The Beastie Boys' story is amazing—I'm not just referring to Apple TV+'s Beastie Boys Story, the Spike Jonze-directed "live documentary" featuring surviving Beastie Boys members Mike Diamond and Adam Horovitz sharing the story of 40-plus year friendship with Adam Yauch that turned into one of the most iconic bands of all time. That's amazing as well. But the actual story? Going from teens making each other laugh while making punk rock and hip-hop music in New York City to crafting the music of my youth, music that helped push hip-hop into the mainstream (they toured with Madonna, in the '80s!), but truly highlighted the DIY cool that influenced a gang of producers and artists in their shadow? Seeing that unfold in this format, with Adam and Mike cracking jokes, riffing, and (at times) getting pretty fucking deep about how much of a driving force Yauch was for the band and the world at large? Yeah, it's fucking amazing, and worth the watch for those who love the group or need some help understanding their importance.
Beastie Boys Story, which is out now on Apple TV+, dives into all of that and more. If you read Beastie Boys Book, you should have a great idea of how in-depth this documentary is, and if you got to witness the live shows Mike and Adam did in 2019, which Jonze stitched together to craft this "live documentary," you'll know how amazing of an experience this truly is. Recently, I got to chop it up with Mike, Adam, and Spike via Zoom; after discussing the egg sandwich Mike was inhaling after a meeting (and Spike's spiffy white shirt), we chopped it up about the process of putting this live doc together, how the Beastie Boys discovered the internet, and that mid-credits scene we hope you all paid attention to.
After watching the doc and realizing that it was initially a three and a half-hour live show, my first thought was "who had all of that footage and stored away?" Where was all of that stuff sitting?
Mike Diamond: Well, I'd like to say we have a really well-organized archive, everything was meticulously stored, but that is not the case. I think it was funny when Adam and I started—not with the book, but when we first started writing the live show—we actually went back and we're like looking at some of these, just seeing what we get in mining the internet, which obviously is a lot. So there's some stuff that came from... I pulled out boxes and boxes out, Adam pulled out boxes and boxes. We had boxes and stuff at the office. But then there's a lot of stuff that was a big part of the project honestly. Just doing this archive dig of stuff that we don't....we definitely sometimes remember it, sometimes we didn't and being able to do the dig and find... "Does somebody still even have a negative of this?" "Do they even still have this photo or do they still have the original footage?"
Our editors Jeff and Zoe were with us when we were doing the place and if they're in the theater making all those videos and the two of them and Pete, from management, did like, I basically worked on that for months and months pulling all that stuff and they went deep. They pulled up stuff that they found like old public access videos and there's a lot we could just watch it for hours. It was just fun to just put on and like just watch.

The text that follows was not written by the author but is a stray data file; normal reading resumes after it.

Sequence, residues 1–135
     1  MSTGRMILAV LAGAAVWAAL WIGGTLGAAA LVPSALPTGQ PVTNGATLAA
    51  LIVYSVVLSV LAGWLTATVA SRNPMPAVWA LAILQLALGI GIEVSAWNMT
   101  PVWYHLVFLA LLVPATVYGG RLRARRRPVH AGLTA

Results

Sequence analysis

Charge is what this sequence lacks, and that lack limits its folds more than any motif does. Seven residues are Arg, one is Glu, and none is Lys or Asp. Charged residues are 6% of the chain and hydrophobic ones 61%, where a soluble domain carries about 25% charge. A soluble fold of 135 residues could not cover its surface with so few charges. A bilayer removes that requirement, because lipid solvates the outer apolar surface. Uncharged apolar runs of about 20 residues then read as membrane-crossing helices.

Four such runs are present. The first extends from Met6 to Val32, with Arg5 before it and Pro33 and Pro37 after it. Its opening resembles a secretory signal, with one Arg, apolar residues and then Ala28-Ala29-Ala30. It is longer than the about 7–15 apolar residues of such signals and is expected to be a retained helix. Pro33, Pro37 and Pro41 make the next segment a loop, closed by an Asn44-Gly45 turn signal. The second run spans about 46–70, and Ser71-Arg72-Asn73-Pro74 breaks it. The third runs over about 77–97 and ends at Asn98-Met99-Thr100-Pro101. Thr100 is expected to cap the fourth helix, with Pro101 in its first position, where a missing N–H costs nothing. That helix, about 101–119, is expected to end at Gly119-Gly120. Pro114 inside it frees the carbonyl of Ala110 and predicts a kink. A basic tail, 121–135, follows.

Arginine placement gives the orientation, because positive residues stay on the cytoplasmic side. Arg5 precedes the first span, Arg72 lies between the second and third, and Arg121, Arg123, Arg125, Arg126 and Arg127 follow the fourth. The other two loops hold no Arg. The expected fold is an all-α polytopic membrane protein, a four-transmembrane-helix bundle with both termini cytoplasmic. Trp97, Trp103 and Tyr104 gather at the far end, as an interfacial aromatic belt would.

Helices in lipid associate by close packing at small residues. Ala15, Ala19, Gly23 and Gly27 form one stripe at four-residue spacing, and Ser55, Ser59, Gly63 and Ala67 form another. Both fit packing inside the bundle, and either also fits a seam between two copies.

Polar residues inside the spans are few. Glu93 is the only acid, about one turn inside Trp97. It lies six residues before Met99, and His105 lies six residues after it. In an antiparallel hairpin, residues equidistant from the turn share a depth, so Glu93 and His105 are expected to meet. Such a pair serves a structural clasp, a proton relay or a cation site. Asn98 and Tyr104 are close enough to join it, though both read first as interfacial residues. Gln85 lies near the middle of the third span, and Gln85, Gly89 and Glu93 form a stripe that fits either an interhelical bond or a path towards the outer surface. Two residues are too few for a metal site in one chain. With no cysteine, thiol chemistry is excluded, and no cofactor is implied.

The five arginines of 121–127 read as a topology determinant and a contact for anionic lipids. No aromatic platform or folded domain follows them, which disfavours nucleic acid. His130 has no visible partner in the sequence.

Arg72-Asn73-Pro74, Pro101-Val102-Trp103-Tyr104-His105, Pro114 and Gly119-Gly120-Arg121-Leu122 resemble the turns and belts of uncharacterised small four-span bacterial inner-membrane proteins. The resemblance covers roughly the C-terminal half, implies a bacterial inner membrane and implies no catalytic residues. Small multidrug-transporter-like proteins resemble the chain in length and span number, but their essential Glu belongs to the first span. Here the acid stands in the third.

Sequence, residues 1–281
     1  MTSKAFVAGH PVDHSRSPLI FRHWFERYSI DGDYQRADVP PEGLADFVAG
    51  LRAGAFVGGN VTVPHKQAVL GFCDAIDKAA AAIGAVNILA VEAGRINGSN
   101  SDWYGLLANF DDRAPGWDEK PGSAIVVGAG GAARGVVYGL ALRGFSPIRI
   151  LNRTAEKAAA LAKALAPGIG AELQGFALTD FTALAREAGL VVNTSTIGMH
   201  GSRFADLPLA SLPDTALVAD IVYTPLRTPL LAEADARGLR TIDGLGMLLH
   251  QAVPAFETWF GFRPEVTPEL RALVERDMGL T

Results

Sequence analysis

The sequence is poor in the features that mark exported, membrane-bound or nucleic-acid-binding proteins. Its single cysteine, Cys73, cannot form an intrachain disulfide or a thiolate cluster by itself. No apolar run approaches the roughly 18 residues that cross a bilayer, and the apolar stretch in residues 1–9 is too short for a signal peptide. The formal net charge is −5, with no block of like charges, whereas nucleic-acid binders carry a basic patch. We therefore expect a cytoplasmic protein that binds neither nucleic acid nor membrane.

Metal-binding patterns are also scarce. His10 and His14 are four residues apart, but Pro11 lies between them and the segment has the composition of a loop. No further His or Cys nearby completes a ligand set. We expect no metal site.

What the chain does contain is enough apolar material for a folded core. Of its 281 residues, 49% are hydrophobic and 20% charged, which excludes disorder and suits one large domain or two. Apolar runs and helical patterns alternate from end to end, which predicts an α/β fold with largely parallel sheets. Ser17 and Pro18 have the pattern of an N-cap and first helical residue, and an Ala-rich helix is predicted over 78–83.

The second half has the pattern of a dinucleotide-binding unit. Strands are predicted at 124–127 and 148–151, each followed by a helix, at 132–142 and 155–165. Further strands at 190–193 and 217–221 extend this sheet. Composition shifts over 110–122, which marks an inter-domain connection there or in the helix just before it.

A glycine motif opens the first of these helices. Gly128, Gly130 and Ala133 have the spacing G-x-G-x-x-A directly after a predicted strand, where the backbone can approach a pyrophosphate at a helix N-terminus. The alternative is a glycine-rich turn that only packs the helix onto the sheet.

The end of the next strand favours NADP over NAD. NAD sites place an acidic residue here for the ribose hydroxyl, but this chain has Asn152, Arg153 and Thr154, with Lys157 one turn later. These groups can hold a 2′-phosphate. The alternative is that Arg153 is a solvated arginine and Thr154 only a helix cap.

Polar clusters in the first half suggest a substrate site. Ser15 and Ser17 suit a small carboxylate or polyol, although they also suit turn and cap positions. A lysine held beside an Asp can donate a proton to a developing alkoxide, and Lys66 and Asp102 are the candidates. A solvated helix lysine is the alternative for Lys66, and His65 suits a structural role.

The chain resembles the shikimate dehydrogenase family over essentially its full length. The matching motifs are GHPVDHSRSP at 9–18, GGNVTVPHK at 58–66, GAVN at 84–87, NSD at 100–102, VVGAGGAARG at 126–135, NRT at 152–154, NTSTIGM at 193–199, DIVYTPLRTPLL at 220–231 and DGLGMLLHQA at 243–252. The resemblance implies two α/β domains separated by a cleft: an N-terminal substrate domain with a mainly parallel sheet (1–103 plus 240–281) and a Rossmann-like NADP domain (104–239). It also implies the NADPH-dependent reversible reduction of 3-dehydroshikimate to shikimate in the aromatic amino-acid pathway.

It seemed like it got real playful, especially with the seven-minute block of remixed footage that played in the middle of the credits. It's basically like a Marvel mid-credits scene. What was the science behind adding that into an already dense documentary about the whole story.
Spike Jonze: I think it was just that we saw so much footage that we loved as we're editing, so much stuff that we thought was hilarious and we just thought we'd put like this sort of random mixtape thing buried in credits.
What's been the response from the people you guys grew up with back in the day, being able to relive your past and history through a project like this.
Adam Horovitz: My friends haven't seen it yet. My family and friends all saw the show that we did, and our book. A lot of my friends were just really, really liking that it felt like it brought them back to certain times of our lives together. Good times. And it made them happy.
SJ: My friends haven't seen the film yet, but they came through the shows that we did in Brooklyn. It was interesting for the people in New York, it was like it brought back episodes of their own lives. I thought it was interesting when we did the show in L.A. or San Francisco or London; it's kind of like different parts of our story resonated with people in different cities depending on where they started. New York was definitely a lot of people who started off earlier. In L.A., it was a lot of people who started with Check Your Head and that was their take-off point.
Guys like Russell Simmons and Rick Rubin are referenced a lot in the show. Did they have any idea what was coming with the doc?
MD: Russell, I don't know. Rick, we talked to about it.
AH: Rick saw the show.
MD: Yeah. Rick saw the show and a cut of the documentary. Rick and I had a discussion. The story he would tell would be pretty different than our story, and I think fair enough. Hopefully he does that on his podcast or his show or whatever. We even talked about maybe all of us doing the discussion together. There's that moment in time where Rick was a really big part of it and that's what we were trying to get across in the show where we were at Rick's dorm every day. We were all living this life together.